Three sections of Christus Dominus speak of some practical matters.
CD 22 speaks of practical matters for the good of the faithful: “a fitting revision of diocesan boundaries be undertaken prudently and as soon as possible. This can be done by dividing dismembering or uniting them, or by changing their boundaries, or by determining a better place for the episcopal see or, finally, especially in the case of dioceses having larger cities, by providing them with a new internal organization.”
My home diocese contains two former see cities, Kansas City and St Joseph. The latter city was once responsible for northern Missouri and Kansas City for the central and western parts of the state. Now the two cities are “united,” with a redrawing of diocesan boundaries to accomodate the newest Missouri diocese, headed by the bishop of our state capital (a smaller city than St Joseph, by the way). All this took place decades ago, before the Council, I think.
CD 23 just tells you when you tinker with dioceses, be really careful and consider diocesan personnel, diversity (CD calls it “variety in composition of the people of God”), civil jurisdictions, natural populations of the laity, and no overlapping territories among dioceses. On that last point, I do recall that a cluster of a parish or two from Dubuque and a parish or two from Davenport shared a priest. I presume the bishops and bureaucrats had it all worked out.
The extent of the diocese and the number of its inhabitants should generally be such that, on the one hand, the bishop himself- even though assisted by others-can officiate at pontifical functions, make pastoral visitations, faithfully direct and coordinate all the works of the apostolate in the diocese and know well especially his priests, and also the religious and lay people who are engaged in diocesan projects.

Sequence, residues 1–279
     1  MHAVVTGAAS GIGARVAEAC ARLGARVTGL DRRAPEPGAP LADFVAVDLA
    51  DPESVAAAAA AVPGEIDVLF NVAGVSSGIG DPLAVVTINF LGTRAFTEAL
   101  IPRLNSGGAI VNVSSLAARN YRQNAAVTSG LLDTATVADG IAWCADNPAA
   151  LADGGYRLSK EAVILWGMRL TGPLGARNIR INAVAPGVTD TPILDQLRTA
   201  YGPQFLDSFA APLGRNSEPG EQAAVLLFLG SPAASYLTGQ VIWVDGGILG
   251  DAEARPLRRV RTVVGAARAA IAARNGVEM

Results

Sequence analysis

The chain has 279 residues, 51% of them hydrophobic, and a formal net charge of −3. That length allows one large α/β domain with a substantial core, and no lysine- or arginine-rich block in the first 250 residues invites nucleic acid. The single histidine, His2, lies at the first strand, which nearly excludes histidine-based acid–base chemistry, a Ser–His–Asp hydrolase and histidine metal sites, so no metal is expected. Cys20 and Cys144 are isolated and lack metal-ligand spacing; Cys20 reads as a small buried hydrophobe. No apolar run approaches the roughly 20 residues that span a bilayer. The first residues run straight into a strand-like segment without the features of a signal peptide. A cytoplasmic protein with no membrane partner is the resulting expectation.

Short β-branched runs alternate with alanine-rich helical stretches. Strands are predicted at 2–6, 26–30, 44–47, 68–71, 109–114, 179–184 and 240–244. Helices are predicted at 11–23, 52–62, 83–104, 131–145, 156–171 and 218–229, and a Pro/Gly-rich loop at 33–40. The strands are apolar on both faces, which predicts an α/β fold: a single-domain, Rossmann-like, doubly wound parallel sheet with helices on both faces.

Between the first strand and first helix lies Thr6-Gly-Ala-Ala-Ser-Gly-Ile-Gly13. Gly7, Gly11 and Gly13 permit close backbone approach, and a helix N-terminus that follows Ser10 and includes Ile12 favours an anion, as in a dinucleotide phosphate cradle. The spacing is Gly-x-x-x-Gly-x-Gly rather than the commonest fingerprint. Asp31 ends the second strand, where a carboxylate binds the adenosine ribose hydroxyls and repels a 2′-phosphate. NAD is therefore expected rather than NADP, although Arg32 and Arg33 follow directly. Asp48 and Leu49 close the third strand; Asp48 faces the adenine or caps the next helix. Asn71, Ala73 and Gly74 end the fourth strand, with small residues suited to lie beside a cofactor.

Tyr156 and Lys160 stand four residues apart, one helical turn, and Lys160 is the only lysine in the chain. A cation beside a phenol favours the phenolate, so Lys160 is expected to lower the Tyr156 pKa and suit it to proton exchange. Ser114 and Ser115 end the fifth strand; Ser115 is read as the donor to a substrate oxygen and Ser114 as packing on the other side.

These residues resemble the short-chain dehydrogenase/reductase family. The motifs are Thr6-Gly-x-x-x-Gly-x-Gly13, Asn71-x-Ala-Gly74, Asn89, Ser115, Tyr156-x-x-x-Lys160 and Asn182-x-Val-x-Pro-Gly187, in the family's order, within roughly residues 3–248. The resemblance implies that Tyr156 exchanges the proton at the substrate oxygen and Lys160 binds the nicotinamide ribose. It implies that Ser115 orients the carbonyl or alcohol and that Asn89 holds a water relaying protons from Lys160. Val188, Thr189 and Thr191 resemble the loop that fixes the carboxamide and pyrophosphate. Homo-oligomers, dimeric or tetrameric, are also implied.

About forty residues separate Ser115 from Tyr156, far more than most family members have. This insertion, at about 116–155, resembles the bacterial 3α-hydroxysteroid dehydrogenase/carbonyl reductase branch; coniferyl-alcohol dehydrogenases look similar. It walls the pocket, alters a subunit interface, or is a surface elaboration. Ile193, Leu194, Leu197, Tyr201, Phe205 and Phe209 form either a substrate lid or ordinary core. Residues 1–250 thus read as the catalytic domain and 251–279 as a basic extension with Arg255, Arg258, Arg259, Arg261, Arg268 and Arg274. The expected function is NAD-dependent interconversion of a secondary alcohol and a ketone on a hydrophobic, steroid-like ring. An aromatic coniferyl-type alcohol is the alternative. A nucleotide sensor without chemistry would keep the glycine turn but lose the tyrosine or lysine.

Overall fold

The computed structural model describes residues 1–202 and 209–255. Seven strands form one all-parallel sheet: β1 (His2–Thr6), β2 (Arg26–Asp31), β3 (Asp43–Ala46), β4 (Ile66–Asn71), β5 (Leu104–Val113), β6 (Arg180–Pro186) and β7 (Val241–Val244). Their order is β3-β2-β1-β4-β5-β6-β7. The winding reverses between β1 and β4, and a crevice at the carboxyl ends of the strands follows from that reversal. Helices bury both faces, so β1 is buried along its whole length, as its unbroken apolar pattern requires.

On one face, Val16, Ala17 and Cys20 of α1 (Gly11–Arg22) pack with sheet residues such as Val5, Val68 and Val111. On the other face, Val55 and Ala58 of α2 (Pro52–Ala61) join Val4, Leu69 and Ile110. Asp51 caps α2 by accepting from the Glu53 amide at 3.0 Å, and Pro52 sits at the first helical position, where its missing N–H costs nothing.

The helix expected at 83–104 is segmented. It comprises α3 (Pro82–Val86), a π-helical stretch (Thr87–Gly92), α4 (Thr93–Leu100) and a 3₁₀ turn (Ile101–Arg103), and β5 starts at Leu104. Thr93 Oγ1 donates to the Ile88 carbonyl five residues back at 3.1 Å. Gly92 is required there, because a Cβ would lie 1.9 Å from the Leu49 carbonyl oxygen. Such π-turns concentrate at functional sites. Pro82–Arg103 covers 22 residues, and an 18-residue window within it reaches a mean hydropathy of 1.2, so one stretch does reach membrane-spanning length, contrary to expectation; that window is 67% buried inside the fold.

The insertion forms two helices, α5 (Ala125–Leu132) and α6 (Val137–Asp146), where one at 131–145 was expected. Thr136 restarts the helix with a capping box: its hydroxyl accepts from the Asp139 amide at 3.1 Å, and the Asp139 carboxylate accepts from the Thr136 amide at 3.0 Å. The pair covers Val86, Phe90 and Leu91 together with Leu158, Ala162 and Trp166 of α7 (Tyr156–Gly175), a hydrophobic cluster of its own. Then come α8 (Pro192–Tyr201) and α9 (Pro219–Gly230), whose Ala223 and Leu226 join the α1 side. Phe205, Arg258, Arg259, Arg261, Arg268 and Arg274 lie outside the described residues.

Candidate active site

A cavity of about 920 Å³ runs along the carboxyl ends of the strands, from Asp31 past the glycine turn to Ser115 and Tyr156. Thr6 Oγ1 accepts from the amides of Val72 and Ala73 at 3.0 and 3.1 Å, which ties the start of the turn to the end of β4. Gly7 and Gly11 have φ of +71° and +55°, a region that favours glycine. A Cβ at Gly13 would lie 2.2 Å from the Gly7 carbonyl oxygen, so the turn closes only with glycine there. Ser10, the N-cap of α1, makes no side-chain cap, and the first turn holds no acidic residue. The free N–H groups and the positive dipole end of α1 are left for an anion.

Others disagree with me, but I still think dioceses in the US are too large. In Dubuque we had about 200 parishes. In Kansas City, I think it’s about 110. A bishop could be visiting each of his parishes once a year, and one might think that 50 parishes would be about right. Rather than close down self-sustaining communities, why not reduce the bishop’s load? A group of dioceses, especially in large metro areas, might merge appropriate offices to more competently serve regional needs.
Finally, in order that the ministry of salvation be more effectively carried out in each diocese, it should be considered a general rule that each diocese have clergy, in number and qualifications at least sufficient, for the proper care of the people of God; also, there should be no lack of the offices, institutions and organizations which are proper to the particular church and which experience has shown necessary for its efficient government and apostolate; finally, resources for the support of personnel and institutions should be at hand or at least prudently foreseen in prospect.
For this same purpose, where there are faithful of a different rite, the diocesan bishop should provide for their spiritual needs either through priests or parishes of that rite or through an episcopal vicar endowed with the necessary faculties. Wherever it is fitting, the last named should also have episcopal rank. Otherwise the Ordinary himself may perform the office of an Ordinary of different rites. If for certain reasons, these prescriptions are not applicable in the judgment of the Apostolic See, then a proper hierarchy for the different rites is to be established.
This is extended to consider lay people of a different language group.
CD 24 merely suggests that episcopal conferences look at these matters. Eastern Rite operations are to be left untouched.